MiddleAgedMan

“Every age of life has its own characteristics: boys are feeble, youths in their prime are aggressive, middle-aged men are dignified, old people are mature. Each one of these qualities is ordained by nature for harvesting in due season.” Cicero, On Old Age III

You know you’re middle-aged when you read Cicero and realize that you lack the physical prowess to be aggressive, and the wisdom to be mature.

But there’s a problem. You don’t experience yourself as, well, dignified.

In fact you know that not far below the surface is the guy that sings crazy songs in the shower, and can break wind with the best of them. The very word ‘dignified’ is a little scary, conjuring images of your teachers, or the parents of your friends.

Then you realize that you are a teacher, and a parent. But you still struggle to associate yourself with the word dignified.

Yet Cicero is surely right. Each stage not only has its own qualities, but should, through patient cultivation, progress beyond the one that preceded it. Middle-age calls for being dignified—from the Latin word meaning worthy. Young people are looking to you, and they should see a person who is growing worthy of some rather serious titles: parent, mentor, uncle, etc.

While not yet quite mature—that will require even more work—the middle-aged should be taking on roles that are especially significant in the community, and doing so with dignity. Such is their burden, their calling, their honor.

So if the season of middle-age is to bear its due fruit, we may need to stretch beyond that for which we feel ready, striving to be worthy to fulfill our place in life, and in the lives of those around us.

And perhaps being dignified in this most important sense, growing in character and wisdom through fulfilling these roles, will be the final step toward being truly mature.

Cicero (106-43 B.C.) is the great Roman statesman, orator, and philosopher.

Originally posted at Bacon from Acorns.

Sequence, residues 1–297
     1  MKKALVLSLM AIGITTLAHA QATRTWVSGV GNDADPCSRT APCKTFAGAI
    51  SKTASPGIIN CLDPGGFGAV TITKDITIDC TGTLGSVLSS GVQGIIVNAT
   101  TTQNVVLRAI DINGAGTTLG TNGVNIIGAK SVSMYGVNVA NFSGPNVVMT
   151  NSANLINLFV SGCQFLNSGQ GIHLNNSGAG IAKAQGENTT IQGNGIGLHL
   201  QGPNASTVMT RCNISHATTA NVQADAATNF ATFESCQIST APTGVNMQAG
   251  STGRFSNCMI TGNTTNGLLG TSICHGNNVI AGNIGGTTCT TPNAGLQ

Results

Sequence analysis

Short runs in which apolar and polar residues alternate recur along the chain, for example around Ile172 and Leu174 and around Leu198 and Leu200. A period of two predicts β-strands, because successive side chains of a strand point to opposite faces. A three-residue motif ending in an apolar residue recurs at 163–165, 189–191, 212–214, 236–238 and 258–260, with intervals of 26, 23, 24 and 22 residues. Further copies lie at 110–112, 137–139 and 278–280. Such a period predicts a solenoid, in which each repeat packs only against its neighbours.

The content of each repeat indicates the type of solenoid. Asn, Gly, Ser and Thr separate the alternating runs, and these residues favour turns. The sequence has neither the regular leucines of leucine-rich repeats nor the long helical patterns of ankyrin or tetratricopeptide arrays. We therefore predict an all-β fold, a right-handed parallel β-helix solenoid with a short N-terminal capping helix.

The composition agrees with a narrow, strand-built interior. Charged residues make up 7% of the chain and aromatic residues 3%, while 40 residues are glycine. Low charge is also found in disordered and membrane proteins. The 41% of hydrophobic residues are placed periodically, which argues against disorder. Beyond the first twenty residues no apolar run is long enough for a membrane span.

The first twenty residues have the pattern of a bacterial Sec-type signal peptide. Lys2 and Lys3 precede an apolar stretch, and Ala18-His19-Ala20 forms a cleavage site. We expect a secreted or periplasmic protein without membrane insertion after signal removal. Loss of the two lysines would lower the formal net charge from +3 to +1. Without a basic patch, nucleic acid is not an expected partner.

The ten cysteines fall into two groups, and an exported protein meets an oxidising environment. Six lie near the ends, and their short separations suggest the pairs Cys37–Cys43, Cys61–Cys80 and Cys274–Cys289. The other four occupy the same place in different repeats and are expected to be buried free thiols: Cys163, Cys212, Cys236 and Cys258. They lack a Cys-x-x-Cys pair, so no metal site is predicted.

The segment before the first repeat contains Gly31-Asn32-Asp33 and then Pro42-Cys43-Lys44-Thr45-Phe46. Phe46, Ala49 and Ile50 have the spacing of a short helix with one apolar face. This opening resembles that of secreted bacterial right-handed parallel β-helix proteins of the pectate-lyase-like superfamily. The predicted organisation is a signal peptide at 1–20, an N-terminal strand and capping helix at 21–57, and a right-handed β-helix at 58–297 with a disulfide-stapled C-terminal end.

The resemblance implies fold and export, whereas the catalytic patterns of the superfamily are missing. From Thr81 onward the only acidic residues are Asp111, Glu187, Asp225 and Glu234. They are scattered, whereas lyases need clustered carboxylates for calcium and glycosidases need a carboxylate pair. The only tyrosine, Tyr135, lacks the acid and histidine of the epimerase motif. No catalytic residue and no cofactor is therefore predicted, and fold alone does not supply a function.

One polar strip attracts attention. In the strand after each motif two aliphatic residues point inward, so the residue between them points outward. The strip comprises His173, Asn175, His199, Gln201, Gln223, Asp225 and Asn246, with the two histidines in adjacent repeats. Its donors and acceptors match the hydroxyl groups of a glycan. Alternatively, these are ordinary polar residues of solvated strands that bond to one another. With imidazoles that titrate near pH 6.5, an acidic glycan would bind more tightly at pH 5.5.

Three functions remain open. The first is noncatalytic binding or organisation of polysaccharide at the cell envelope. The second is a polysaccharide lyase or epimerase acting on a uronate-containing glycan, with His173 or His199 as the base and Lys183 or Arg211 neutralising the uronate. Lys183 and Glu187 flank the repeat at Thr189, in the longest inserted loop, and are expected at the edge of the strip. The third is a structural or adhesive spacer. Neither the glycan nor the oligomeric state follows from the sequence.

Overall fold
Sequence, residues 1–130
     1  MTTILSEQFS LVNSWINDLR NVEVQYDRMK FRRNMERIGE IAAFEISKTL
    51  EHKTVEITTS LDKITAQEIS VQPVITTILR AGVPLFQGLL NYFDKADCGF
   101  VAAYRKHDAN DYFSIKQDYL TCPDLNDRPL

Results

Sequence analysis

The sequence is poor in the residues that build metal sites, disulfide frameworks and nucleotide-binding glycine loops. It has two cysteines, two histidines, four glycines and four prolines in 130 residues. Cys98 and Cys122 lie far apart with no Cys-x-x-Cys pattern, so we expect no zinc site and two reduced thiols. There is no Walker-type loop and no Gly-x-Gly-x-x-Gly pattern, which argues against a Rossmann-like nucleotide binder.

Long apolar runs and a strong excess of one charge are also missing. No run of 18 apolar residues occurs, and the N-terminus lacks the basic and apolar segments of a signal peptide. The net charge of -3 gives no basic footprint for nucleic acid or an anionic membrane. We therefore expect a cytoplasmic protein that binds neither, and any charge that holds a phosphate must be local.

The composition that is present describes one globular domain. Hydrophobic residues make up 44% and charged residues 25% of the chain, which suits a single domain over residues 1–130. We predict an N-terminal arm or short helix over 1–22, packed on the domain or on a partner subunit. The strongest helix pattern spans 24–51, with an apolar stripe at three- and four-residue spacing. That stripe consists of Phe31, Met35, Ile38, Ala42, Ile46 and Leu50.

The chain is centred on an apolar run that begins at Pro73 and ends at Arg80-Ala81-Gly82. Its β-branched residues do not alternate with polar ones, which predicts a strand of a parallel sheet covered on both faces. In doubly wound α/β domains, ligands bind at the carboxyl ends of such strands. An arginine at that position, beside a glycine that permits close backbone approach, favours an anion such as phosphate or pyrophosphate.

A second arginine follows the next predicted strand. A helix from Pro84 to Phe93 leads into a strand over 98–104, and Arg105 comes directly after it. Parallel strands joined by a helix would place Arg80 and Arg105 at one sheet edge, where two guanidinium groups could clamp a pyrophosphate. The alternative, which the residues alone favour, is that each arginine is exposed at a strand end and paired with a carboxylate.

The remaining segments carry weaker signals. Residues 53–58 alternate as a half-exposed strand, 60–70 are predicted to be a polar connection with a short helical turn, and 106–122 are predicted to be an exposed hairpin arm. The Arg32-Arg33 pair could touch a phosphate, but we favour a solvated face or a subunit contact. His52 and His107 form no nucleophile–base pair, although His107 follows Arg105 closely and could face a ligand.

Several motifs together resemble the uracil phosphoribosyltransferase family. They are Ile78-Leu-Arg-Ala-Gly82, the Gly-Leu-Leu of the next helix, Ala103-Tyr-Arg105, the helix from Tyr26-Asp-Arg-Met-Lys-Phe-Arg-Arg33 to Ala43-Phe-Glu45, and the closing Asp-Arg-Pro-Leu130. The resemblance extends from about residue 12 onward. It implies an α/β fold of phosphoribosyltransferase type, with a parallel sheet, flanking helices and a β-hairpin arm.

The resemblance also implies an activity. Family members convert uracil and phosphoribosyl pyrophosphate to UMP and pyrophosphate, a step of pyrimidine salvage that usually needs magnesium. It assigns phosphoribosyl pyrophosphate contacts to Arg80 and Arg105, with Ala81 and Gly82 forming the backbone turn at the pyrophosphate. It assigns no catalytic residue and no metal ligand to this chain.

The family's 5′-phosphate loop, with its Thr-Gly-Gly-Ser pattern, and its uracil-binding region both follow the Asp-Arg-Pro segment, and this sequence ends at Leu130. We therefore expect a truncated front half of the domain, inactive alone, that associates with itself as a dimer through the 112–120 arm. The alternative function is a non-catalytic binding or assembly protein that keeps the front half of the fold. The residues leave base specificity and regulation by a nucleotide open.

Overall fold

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John A. Cuddeback is a professor and chairman of the Philosophy Department at Christendom College in Front Royal, Virginia, where he has taught since 1995. He received a Ph.D. in Philosophy from The Catholic University of America under the direction of F. Russell Hittinger. He has lectured on various topics including virtue, culture, natural law, friendship, and household. His book Friendship: The Art of Happiness was republished in 2010 as True Friendship: Where Virtue Becomes Happiness. His writings have appeared in Nova et Vetera, The Thomist, and The Review of Metaphysics, as well as in several volumes published by the American Maritain Association. Though raised in what he calls an ‘archetypical suburb,’ Columbia, Maryland, he and his wife Sofia consider themselves blessed to be raising their six children in the shadow of the Blue Ridge on the banks of the Shenandoah. At the material center of their homesteading projects are heritage breed pigs, which like the pigs of Eumaeus are fattened on acorns, yielding a bacon that too few people ever enjoy. His website dedicated to the philosophy of family and household is baconfromacorns.com.

2 COMMENTS

  1. The Master said, “At fifteen, I set my mind upon learning; at thirty, I took my place in society; at forty, I became free of doubts; at fifty, I understood Heaven’s Mandate; at sixty, my ear was attuned; and at seventy, I could follow my heart’s desires without overstepping the bounds of propriety” (Confucius, Analects [translated by Edward Slingerland, Hackett, 2003], 2.4). I don’t know what Cicero’s age-scale was, but at present, middle-aged-(but in denial!)-me is pretty much between when I was, ideally, supposed to have overcome doubts, and when I’m supposed to understand the God’s or nature’s order of things. As for “dignity,” well, hopefully–assuming “propriety” carries the same connotation–I can, contra Cicero, be confident that I have another 25 years to work on that.

  2. Thanks Russell. We’ll check back in a few years and see how we’re progressing in understanding Heaven’s Mandate; and perhaps the ‘dignified’ will take us by surprise, as a gift.

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